“Is it I?” Thomas asks. But as the others look at him, they must have found it hard to believe it could be. After all, Thomas had insisted just a few days earlier that they accompany him even to death if need be (John 11:16).

And then there is Peter. Surely, if there were anyone that was going to stick by the side of Jesus, that would never betray Him, it would be Peter. I mean he had boasted as much many times, swearing allegiance to Jesus proclaiming that he would never allow anything to happen to him. We even see evidence of this later that night, as the soldiers come out to arrest Jesus, Peter tries to stab one of the soldiers to defend his master.

“Is it I Lord?”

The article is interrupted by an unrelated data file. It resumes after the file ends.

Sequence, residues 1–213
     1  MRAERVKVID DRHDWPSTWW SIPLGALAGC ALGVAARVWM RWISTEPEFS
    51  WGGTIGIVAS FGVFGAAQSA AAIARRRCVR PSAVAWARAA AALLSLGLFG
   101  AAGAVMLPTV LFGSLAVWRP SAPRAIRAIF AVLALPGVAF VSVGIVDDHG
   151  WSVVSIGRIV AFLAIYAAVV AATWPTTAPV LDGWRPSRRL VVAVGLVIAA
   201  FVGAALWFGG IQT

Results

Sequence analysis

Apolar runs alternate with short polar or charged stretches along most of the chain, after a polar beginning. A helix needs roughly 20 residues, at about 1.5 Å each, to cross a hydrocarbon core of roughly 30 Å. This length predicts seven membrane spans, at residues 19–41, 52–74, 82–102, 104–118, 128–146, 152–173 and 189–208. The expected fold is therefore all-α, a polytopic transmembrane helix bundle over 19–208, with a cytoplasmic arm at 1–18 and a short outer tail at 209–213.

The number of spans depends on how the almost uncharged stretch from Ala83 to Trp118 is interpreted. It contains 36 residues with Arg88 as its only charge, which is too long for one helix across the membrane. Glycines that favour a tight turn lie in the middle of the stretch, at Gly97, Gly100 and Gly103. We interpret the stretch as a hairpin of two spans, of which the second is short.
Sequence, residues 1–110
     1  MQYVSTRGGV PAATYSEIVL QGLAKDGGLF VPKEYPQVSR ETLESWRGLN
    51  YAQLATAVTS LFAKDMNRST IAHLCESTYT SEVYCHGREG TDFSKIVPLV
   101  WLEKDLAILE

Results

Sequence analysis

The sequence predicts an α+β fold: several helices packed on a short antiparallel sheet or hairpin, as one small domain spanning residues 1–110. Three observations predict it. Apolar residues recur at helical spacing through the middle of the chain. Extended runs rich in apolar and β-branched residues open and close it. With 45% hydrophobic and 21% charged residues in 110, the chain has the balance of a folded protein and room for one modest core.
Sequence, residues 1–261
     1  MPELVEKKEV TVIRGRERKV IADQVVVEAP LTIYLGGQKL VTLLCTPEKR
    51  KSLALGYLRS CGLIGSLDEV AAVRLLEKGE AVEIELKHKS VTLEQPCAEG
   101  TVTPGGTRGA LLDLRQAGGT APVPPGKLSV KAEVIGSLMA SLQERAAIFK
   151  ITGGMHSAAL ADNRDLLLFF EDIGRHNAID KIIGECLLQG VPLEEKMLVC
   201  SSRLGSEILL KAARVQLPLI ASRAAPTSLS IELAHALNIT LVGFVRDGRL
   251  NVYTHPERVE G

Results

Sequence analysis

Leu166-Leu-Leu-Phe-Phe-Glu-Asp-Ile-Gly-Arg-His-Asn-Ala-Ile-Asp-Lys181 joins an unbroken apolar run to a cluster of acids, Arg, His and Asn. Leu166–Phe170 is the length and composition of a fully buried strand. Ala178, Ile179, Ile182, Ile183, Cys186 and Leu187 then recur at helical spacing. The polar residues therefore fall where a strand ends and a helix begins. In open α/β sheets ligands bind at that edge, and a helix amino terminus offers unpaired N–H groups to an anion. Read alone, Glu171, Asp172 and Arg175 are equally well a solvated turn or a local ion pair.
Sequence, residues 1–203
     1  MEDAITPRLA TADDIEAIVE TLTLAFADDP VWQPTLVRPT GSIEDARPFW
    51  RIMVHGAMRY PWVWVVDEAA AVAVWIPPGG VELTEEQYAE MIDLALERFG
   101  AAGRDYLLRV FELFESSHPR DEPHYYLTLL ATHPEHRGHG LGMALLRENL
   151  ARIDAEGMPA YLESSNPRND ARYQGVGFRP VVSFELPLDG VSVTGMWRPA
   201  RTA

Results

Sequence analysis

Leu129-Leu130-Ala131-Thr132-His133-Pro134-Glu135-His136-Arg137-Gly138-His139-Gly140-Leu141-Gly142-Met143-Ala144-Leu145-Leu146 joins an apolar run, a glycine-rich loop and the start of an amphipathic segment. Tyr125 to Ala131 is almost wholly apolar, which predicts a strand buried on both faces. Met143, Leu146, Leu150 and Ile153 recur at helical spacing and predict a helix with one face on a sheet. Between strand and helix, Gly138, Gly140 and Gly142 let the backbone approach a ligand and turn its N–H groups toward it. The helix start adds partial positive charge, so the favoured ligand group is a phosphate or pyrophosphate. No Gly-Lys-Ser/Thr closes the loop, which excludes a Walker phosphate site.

In Mark's account, Jesus does not give a definitive answer. That is interesting. And I think there's a reason for it. In a sense, even though Jesus is specifically speaking here of Judas' betrayal, He wants us to see that it really could be any of them. After all, the facts are, when everything starts going down later that night, most of the disciples will indeed run for the hills. Peter's going to do it by denying He even knows him three separate times.

Is it I?

In one sense, the answer is always “Yes.”

It could really be any of us.

And now we get to what the story of Jesus' passion calls us to: Stop instinctively declaring "Not me," but to allow yourself, "It is I."

Could it be that I'm not just the life of the party, but I have a drinking problem? It is I, Lord. Could it be that I'm not just blunt and straight forward, but I'm rude and abrasive? It is I, Lord. Could it be that I'm not just being friendly, but that I'm flirting with someone I shouldn't be? It is I, Lord.